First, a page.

“That stuff is always my favorite because it creates tense situations but it doesn’t feel unfair,” says Nygren, who’s also proud of a scenario right at the start of the game which he designed to teach players how to scan EMP mines in order to see their detection ranges.
“The last mine has a much bigger scanning distance than all the others, which is a fun joke from my end because players go a little too close to it to scan it, and we arranged it so a lot of players are just inside the circle when they finish scanning, and so they realize the bubble is much bigger than they expected and then they get hit by the blast. I like the reactions of people to it, regardless of whether they succeed or fail, because everyone gets so scared.”
But the main innovation in level design for multiple players is actually that Nygren was careful to always include a spot to set the ship down, giving players a chance to discuss strategy for the challenge ahead, and what everyone’s role would be. “Something else that really helps is that we made sure you have a big turn-off-the-engine button, to always give the player the opportunity to turn off the engine so it’s impossible to be detected.”
The off-button also provides a good opportunity for trolling, killing the engines just as the pilot is maneuvering the ship through a gauntlet of threats, and also gives the engineer some agency when the pilot refuses to listen.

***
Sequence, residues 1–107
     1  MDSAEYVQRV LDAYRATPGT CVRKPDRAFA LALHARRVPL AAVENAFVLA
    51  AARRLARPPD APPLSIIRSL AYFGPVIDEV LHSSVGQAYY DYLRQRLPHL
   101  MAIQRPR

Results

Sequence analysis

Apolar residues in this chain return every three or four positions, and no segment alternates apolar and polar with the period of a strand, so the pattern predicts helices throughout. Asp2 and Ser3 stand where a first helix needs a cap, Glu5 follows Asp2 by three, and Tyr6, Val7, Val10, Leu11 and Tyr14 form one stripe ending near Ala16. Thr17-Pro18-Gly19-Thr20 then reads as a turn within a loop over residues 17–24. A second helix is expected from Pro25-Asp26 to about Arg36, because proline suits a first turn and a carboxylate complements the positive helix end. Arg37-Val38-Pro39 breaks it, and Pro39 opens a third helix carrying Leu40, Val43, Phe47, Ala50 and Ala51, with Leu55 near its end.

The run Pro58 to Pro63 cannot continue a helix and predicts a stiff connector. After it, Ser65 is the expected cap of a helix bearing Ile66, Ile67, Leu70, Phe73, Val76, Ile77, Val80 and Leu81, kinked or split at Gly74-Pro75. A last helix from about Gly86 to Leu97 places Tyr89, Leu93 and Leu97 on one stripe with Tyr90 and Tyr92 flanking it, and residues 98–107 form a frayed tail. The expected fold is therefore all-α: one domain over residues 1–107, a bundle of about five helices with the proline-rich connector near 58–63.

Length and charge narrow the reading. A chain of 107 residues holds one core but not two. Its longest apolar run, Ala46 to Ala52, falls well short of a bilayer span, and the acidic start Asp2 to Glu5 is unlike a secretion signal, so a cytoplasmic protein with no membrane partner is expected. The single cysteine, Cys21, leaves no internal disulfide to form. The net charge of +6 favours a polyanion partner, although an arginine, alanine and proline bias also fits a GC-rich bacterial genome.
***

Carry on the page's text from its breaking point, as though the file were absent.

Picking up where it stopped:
The horn plays a similar social role: the whole crew can toot it. “I made sure the honk actually generated detectable sound, and I love it when people press it when they’re gliding past an enemy and they die immediately. We think that’s super hilarious.” And then, since the scanner makes a blue light and aiming the flare throws out a red one, the game also recognizes players trying to make the ship act like a little police car with a siren sound.
As important as all these features are, though, it’s the UI on the Gamepad that really enables the depth of the engineer’s role. Having created the prototype’s interface, Nygren claims nobody could understand it at all because it was so cluttered with analogue sliders and information that displayed how much heat, sound and electric each function was contributing to the ship’s signature.
“I was ready to give up and make the game simpler with just on-off switches because I didn’t think there was a way to communicate that much information,” he says.
And then Knapnok artist Simon Nielsen came on board and immediately fixed it. His concept was one of symmetry, displaying the ship’s engines on either side of the screen and with equal numbers of sub-systems below them. “It made so much sense,” says Nygren.
“I had to make some changes to the ship because the two engines didn’t have the same number of parameters, but it was no trouble.” And by having one central location for the signature gauges, Nielsen’s design stripped a lot of visual noise away, but displayed the granular information with a single tap.
Designing a single game for two screens and multiple local players isn’t an easy prospect, but Affordable Space Adventures shows little evidence of the challenges its developers faced. It’s at once charming, light and funny, while elegantly weaving tricky puzzles with interesting interplays between its different roles. It saw that two screens was a chance to bring an atmospheric game out from the screen and into the room.
Affordable Space Adventures drew a line in the sand for two-screen games which, with Wii U’s demise, might never be crossed. That’s both a fantastic achievement, and rather sad.